How to Avoid the Paralysis Trap:
What to do when you think
You can’t do anything

This is one of life's challenges:

  • When we realize the magnitude of danger facing humanity and Earth because of climate change, it seems sensible to hide under the covers rather than get out of bed.
  • When we notice our values and freedoms being eroded everyday by people who purport to protect them, it is easiest to joke about seeking asylum across our northern border.
  • When we face news stories about the in human treatment of children, women, and men who are actually seeking asylum from the violence and atrocities in their home countries, it is tempting to close our eyes.

I know.

But please don’t. Don’t look away, that is.

Act and create hope

Averting our eyes, turning our heads, and pretending otherwise eats away at our souls and cheapens our own humanity.

We must look. And we must act. It is by acting that we create a new world, a safer path, and the change that we need for the world.

As a Catholic sister who has worked for justice for many decades now, I know well the temptation to despair. Praying my way through the news, as I do each day, is often painful and overwhelming. I often wonder: How can God allow this? How can humans be so cruel, unjust, or blind? Why can’t “they” see that this is not God’s desire for creation?

I find great encouragement in the words of 16-year-old climate activist Greta Thunberg. At a TED conference earlier this year she said “Yes, we do need hope. Of course we do. But the one thing we need more than hope is action. Once we start to act, hope is everywhere. Instead of looking for hope, Look for action. Then, one day, hope will come.”

Act and create hope. It’s a great idea. So, here are some ways to avoid the paralysis trap, no matter the issue you are most concerned about.

What are you doing?

When you find yourself worried or complaining a lot about something that is bothering you, ask yourself this question: What am I doing to change the very thing I am worried or complaining about? If you have an answer, then you are probably already heading in the right direction.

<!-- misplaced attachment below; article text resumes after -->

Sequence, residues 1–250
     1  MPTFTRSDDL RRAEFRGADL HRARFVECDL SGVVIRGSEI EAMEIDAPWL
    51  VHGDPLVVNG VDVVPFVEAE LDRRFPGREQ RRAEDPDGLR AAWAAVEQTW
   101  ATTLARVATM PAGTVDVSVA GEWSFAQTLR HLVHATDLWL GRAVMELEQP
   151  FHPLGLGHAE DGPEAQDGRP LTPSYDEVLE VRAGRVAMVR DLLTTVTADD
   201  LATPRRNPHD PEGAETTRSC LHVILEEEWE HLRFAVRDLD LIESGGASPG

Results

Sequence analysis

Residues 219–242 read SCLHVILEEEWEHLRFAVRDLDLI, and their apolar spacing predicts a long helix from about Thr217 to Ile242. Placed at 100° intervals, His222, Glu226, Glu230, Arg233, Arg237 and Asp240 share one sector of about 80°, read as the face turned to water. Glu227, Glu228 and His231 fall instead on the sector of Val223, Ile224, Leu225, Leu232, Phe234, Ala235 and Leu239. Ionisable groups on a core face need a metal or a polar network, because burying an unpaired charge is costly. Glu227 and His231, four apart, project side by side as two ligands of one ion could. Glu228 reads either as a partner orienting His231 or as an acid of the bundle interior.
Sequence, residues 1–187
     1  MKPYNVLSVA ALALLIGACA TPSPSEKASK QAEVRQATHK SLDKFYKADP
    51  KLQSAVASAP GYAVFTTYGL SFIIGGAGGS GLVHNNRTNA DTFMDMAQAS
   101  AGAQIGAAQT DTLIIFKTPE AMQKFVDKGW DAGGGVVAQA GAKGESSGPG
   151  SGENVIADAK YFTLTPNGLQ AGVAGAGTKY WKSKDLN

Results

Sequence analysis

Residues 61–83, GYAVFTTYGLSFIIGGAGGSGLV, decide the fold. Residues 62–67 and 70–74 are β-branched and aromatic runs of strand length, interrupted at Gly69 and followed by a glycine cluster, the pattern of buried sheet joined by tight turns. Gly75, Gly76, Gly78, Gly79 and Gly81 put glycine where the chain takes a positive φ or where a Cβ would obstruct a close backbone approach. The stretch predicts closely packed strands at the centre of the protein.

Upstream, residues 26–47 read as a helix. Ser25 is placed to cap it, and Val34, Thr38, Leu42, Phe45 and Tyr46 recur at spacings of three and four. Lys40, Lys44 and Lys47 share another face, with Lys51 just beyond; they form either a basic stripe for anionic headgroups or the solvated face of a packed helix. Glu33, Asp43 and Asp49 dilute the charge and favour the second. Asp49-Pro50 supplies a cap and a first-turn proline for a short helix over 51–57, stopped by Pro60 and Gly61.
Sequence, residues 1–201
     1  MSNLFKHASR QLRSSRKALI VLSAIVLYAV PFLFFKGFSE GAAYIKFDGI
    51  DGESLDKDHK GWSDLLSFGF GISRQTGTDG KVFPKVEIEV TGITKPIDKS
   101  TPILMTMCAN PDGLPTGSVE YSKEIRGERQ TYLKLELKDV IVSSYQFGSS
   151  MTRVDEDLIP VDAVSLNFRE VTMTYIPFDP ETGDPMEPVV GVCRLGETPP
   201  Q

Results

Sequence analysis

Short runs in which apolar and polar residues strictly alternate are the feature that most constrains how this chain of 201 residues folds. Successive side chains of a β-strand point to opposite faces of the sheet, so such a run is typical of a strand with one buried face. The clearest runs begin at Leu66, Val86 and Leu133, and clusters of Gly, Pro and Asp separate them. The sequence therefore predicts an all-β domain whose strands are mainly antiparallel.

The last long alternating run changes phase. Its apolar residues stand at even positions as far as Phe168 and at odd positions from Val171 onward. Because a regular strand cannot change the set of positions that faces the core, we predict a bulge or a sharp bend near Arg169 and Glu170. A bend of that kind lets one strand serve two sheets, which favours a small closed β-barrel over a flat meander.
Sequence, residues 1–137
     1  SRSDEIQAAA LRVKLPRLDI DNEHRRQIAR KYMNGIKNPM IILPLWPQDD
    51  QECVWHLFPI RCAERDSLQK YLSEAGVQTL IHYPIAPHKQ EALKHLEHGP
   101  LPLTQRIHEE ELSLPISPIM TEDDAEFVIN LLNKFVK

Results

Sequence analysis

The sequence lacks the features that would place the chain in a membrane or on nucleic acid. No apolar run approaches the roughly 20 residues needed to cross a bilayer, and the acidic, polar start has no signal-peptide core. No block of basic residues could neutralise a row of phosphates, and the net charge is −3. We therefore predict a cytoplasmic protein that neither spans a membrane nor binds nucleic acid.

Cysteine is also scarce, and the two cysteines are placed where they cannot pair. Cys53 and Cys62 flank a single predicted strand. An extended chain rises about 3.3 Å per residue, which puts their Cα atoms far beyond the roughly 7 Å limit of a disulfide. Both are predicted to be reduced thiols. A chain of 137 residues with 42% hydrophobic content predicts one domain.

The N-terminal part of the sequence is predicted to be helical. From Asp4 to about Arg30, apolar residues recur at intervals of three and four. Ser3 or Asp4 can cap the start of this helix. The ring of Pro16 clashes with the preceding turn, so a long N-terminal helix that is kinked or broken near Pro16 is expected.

If you’re not?

Then why not? If it is because you are afraid or paralyzed, it’s important to do something. If you don’t know what to do or where to begin, here are some places to start.

Pray. Bring your anguish, fear, and paralysis to God. Cry out in lament. It feels good, and releases some of those toxic emotions that can keep you from action. God will help, sure. But know that, as St. Teresa of Avila knew, “Christ has no body now but yours. No hands, no feet on earth but yours. Yours are the eyes through which he looks compassion on this world. ... Yours are the hands through which he blesses all the world.” God is counting on your help.

Call. It is always a good idea to express your desire for public policy change to your elected officials. You can easily find their contact information on the website. If you don’t know who they are, start at www.govtrack.us. For state and local officials start with your state or city’s website.

Learn. The more you know and understand about an issue that concerns you, the more likely it is you will find constructive ways to act. Get connected to local or national organizations that care about the same issues you do and use their resources as a starting point for understanding the complexities of the issue.

Volunteer or give. When you’ve learned enough about a concerning issue that you feel ready to give more of yourself or your resources, find a group to which you can donate or give your time.

Why does it matter?

Even when you do act, it is tempting to wonder if it matters. I know that it does matter. For a good example, look back at this info graphic from JUST Words about how a combination of prayer, study, relationship building, storytelling, and personal transformation created the policy change that abolished the death penalty in Illinois.

Then consider these words of theologian Cynthia Moe-Lobeda:

“The fact that individual actions are relatively powerless in the face of structural sin does not mean that personal efforts to counter it are immaterial, ineffectual, or unnecessary. To the contrary, the individual’s response is essential and effectual. I cannot overstate the importance of recognizing this paradox: Structural sin, while it cannot be dismantled by individual actions, cannot be dismantled without them.”

Cynthia D. Moe-Lobeda. Resisting Structural Evil: Love as Ecological-Economic Vocation. Minneapolis: Fortress Press. 2013, p. 62.

Keep the faith

If you’ve made it this far, you must really care! That is fantastic. If you’d like some support for your efforts to be a change-maker, consider how you might join us in our efforts to do the same. There are several options open to you that you can check out here.

We are in this together

Whether you ally yourselves with us and our work or not, know that when you choose to take an action—any action that promotes a more just and equitable world—you are, in fact, making a difference.

Doesn't that feel better than hiding under the covers?

Sister Marcelline Koch, OP
Sister Marcelline Koch, OP

Sister Marcelline Koch is the promoter of justice, peace and care of creation for the Dominican Sisters of Springfield and the co-promoter of justice for the North American Dominicans. She is a native of Mt. Sterling, Illinois, and has been a Springfield Dominican Sister since 1961.

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